0

A Lighter Side of The Broadcasting Corsortium: Liveblogging the traditional debate slot coin toss


 

12:51:24 PM
Greetings once again from the National Press Theatre, where a shadowy group of media executives and party officials are about to decide the electoral fate of the nation. By which, of course, I mean partake of the ancient pre-debate ritual of deciding the order in which party leaders will take part in next week’s debates.

A correction, first off — it turns out it’s not, in fact, a coin toss, since that wouldn’t work with five parties, but a basket draw. (Not, sadly, a giant lottery bubble with bouncing balls, which would be a great visual.

Right now, there is lots of good-natured mingling going on as agents of The Consortium pass out scorecards. “This isn’t your first time here,” one asks me with charming disbelief. It actually *is* — and I’ve no idea how I’ve missed it up until now. It’s like democracy reduced to a game of chance — how can that not be riveting?

The basket, I can report, is red — clearly, the game is rigged from the start. (The problem with having five parties — okay, the *other* problem – is that pretty much every colour has been claimed by one or the other, so you basically have to resort to black and white lest you run afoul of ever-vigilant conspiracy theorists.

12:59:38 PM
Twenty seconds! Then the curtains rise, and the ballet of ballotry begins. Ooh, I think I just felt a shiver.

1:00:11 PM
And here they are – wow, a lot of them. Seven people total on stage, led by the senior executive producer of CBC News, Andrew Buldridge, whose name I just butchered.

Also here are the party officials, who will be battling
Doug Kirkpatrick for the Liberals, Kathleen Monk from the NDP, Mario Framboise for the Bloc, John Bennett for the Greens, and Amy WhosenameIdidntcatch for the Tories. Sorry about that.

First draw – “private time’ visits; and the Green win the first hand, followed by the Bloc, the Conservatives, the NDP and the Liberals.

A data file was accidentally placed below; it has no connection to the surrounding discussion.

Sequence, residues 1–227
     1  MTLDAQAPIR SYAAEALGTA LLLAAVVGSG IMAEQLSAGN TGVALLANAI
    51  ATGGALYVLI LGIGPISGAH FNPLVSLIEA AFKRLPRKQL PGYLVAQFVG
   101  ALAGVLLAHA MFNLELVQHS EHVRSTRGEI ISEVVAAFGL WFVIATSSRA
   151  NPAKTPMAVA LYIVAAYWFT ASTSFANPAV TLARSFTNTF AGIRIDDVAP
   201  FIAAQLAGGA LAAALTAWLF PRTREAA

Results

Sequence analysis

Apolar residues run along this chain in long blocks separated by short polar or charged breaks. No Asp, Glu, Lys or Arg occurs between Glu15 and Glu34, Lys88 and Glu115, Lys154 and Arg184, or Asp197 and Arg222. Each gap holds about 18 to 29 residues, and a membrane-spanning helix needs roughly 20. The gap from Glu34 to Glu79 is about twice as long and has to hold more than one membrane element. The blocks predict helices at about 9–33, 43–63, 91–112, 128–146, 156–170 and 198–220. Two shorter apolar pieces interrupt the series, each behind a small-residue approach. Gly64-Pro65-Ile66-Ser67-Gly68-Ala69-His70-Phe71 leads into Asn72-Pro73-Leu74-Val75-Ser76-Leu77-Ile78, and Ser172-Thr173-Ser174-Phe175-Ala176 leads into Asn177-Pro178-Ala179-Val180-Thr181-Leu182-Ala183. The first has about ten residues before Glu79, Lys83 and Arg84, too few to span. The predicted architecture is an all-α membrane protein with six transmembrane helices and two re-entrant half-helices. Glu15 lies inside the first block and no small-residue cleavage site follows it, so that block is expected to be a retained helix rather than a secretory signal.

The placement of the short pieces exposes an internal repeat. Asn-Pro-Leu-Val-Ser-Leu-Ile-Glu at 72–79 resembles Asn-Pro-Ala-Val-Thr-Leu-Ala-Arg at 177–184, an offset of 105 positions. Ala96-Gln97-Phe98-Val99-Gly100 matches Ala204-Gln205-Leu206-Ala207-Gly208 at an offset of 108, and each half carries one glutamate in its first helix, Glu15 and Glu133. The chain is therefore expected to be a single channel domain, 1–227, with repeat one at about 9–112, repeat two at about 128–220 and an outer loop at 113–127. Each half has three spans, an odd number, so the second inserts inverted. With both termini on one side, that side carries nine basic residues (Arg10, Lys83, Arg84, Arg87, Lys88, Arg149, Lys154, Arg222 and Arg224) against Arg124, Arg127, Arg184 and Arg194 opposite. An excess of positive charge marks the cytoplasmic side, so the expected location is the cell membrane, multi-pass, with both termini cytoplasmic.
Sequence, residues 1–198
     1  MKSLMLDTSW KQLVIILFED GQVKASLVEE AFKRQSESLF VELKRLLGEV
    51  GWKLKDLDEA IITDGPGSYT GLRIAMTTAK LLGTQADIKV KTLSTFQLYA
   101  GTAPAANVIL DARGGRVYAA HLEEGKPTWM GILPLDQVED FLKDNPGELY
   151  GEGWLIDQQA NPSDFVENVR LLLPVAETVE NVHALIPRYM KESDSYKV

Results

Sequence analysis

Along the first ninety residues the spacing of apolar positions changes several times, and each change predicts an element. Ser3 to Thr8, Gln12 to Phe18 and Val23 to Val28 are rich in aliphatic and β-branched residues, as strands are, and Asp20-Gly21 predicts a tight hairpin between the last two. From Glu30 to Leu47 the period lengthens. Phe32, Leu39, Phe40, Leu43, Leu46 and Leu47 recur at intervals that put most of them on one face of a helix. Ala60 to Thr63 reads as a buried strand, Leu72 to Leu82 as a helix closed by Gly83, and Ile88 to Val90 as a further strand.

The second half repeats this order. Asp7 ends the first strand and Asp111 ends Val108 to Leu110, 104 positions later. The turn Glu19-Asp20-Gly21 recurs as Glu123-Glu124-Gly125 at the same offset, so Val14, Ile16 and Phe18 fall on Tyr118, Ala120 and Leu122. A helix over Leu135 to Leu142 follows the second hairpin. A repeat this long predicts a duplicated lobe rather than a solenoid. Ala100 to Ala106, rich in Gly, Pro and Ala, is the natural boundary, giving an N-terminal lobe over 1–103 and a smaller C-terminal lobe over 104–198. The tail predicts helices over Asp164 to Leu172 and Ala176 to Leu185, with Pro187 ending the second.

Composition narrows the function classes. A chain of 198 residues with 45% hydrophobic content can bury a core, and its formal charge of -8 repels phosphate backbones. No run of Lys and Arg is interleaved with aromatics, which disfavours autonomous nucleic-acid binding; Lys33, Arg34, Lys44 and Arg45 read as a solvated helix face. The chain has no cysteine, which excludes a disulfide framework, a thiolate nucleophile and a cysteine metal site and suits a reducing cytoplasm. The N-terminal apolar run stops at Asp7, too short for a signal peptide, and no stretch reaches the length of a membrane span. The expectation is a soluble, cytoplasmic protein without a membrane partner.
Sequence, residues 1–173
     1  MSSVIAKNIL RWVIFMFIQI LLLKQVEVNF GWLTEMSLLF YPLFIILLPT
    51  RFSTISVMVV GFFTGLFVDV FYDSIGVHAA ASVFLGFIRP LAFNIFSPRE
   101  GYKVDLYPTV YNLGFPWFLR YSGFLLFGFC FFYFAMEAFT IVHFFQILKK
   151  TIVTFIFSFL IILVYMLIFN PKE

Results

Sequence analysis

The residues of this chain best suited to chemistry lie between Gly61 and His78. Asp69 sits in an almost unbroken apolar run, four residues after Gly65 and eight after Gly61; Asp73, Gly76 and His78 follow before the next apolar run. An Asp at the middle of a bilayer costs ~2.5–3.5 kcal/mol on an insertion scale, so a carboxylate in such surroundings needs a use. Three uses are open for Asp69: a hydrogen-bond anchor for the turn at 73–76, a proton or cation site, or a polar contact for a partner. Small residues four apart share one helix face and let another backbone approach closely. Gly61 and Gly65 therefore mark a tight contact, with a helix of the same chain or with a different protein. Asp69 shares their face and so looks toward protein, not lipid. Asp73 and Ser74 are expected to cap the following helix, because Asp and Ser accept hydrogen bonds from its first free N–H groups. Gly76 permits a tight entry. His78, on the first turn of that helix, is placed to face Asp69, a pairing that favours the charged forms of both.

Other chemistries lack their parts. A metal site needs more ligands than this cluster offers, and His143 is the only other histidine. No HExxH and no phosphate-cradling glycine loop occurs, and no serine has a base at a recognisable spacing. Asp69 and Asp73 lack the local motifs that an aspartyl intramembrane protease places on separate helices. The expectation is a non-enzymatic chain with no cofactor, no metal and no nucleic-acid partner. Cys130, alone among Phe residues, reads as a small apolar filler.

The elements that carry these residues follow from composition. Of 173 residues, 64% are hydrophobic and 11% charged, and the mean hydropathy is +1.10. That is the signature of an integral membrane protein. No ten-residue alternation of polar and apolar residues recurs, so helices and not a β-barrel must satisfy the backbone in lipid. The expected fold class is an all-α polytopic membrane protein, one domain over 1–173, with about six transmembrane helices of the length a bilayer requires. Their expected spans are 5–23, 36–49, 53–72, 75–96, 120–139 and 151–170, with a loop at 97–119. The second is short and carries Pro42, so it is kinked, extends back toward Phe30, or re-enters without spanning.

1:03:24 PM
And now: arrival of leaders, which the Conservative Amy draws. First up, Liberals, and — okay, they just lost me there. This is far more detailed than I was expecting.

Dressing rooms! One draw, same dressing room for both debates, and the Conservatives triumph over fate. Bloc next, then the Liberals, the Greens and the NDP. I guess that means first pick of the available prep rooms, right? How much variance can there be?

1:05:19 PM
And now – the seating. In the A slot, the Greens, followed by Conservatives, Liberals, NDP and the Bloc. I think that’s for the French debate — yes, it is. For the English – Conservative, Green, Liberals, NDP and the Bloc, which gets to keep the same seat for both nights. Get comfy, Gilles.

1:07:05 PM
Openin statements – Bloc, Liberal, Conservative, Greeen and NDP – and yes, that’s French. As for the English, it will be Greens, Conservatives, NDP, Liberals and the Bloc, which is coming in last an awful lot.

First question – Conservatives, Liberals, Green, Bloc – finally not last – and the NDP, and the next night, for the English debates, Greens, Liberals, Conservatives, NDP and – back in the usual spot, the Bloc.

1:09:09 PM
Closing statements – French debate: Conservatives, Liberals, NDP, Bloc – oh, when it would have been better to go last, bad luck – and the Greens.

English: Conservatives, Greens, Liberal, NDP and the Bloc.

1:10:25 PM
One more – the post-debate pressers. French: Bloc, Conservatives, Liberals, Green and NDP.
English (and a rigourous shake of the basket) Liberals, Green, Bloc, NDP and – oh, you lucky guy – the Conservatives.

And – that’s it? Really? That was downright clinical.

1:12:56 PM
We took advantage of the lingering Consortiumites to ask, hey, what *is* this private time? Apparently, it just means getting the chance to “check out the set.” That’s — much less intriguing than it initially sounded.

“I have the Bloc down three times for one thing,” confesses a reporter sitting beside me. I’m pretty sure I screwed up the order of at least a few lists too. It’s harder to keep track than you might think.

Everyone seems in high spirits as they cluster around the flipboard to find out what wonderous timeslot prizes they’ve won, but the few reporters who were here to witness it all are streaming out to file. Which I don’t have to do, what with the whole liveness of the blogging, but since I’m in grave danger of hitting the bad low blood sugar place, I’m going to sign off too.


 

Comments are closed.